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My Creditor is Suing me. What do I do?

August 8, 2013

Often times, the reason that a debtor will choose to file bankruptcy is because a creditor is suing them. Usually, it is a credit card that they have been unable to pay do to some unforeseen circumstance. Many debtors will also try to make payment arrangements with the creditor but are unable to do so either because they have too much income or too little.

If your creditor sues you the first thing that will happen is that you will receive a citation. This will be served upon you either by a sheriff or a process server. If the creditor is unable to serve you, they may also be able to get court permission to use an alternative service; by either posting the citation on the door or mailing it to you.

After you have been served you are only given a certain number days to file an answer. The standard answer deadline in Texas is the Tuesday following 20 days after the debtor was served. If the debtor doesn’t file an answer the creditor can get a default judgment, which is basically an automatic win for the creditor. If the debtor files an answer, then the creditor will either send discovery requests to the debtor to get more information, or set the case for trial and prove their case.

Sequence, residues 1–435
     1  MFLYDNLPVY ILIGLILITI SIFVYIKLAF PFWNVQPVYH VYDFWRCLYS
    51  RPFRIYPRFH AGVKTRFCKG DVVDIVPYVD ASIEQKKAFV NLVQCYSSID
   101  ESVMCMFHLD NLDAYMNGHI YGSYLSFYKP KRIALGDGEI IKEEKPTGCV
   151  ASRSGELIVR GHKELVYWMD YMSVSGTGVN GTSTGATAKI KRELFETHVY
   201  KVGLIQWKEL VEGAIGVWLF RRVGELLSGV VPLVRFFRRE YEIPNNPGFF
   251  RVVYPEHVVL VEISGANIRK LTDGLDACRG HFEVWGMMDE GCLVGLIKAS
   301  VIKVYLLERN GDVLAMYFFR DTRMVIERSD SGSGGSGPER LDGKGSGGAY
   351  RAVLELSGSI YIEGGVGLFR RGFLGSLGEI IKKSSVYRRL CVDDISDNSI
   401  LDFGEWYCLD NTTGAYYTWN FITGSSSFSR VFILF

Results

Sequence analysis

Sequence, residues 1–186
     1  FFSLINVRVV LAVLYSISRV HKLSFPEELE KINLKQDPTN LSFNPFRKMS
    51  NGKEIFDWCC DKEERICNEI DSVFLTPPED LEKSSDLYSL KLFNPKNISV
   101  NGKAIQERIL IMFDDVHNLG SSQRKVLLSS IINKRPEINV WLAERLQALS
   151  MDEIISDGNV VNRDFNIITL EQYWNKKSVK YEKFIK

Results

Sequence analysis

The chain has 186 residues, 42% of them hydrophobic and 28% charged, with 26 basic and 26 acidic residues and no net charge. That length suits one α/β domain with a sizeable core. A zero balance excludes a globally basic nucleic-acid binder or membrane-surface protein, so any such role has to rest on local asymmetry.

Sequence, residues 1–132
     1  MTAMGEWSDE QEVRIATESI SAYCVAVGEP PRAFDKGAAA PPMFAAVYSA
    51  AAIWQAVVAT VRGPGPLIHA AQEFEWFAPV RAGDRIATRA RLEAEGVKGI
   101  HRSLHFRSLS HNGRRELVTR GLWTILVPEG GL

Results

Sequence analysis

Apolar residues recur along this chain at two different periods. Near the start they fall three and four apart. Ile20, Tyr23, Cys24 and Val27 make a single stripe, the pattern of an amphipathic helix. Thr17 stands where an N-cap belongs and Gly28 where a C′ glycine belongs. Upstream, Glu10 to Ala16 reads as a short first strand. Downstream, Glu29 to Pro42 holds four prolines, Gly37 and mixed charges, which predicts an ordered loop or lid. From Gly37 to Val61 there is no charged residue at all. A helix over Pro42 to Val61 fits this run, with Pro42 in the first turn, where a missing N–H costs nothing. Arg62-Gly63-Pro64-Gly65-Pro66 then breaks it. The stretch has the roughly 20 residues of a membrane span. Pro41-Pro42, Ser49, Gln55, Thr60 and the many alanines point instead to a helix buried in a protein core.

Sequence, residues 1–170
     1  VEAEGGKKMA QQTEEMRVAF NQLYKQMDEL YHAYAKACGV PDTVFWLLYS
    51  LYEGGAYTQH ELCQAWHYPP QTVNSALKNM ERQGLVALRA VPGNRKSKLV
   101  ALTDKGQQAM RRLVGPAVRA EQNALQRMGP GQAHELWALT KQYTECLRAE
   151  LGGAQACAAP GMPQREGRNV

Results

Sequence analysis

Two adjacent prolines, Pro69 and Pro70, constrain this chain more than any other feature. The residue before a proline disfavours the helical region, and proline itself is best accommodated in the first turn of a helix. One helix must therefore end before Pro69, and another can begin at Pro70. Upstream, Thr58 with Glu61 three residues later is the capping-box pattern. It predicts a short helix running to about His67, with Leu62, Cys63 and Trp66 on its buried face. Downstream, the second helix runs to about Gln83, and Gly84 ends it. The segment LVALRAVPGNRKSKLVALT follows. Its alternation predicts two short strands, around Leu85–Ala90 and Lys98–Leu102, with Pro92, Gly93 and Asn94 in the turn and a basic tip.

A judgment will allow the creditor to attempt to collect on their debt by attaching it to non-exempt property. Exempt property in Texas includes your homestead, your car, and personal items. Also, the Texas constitution prohibits a creditor from garnishing your wages, but they can attach the judgment to your bank account and garnish your money until the judgment is settled.

Filing for bankruptcy imposes an automatic stay, which will stop all collections. This includes a lawsuit. The filed suit will then discharge the debt that the creditor is attempting to collect. For more information on how to deal with a creditor who files a lawsuit and/or filing for bankruptcy, contact the experienced attorneys at Fears Nachawati Law Firm.


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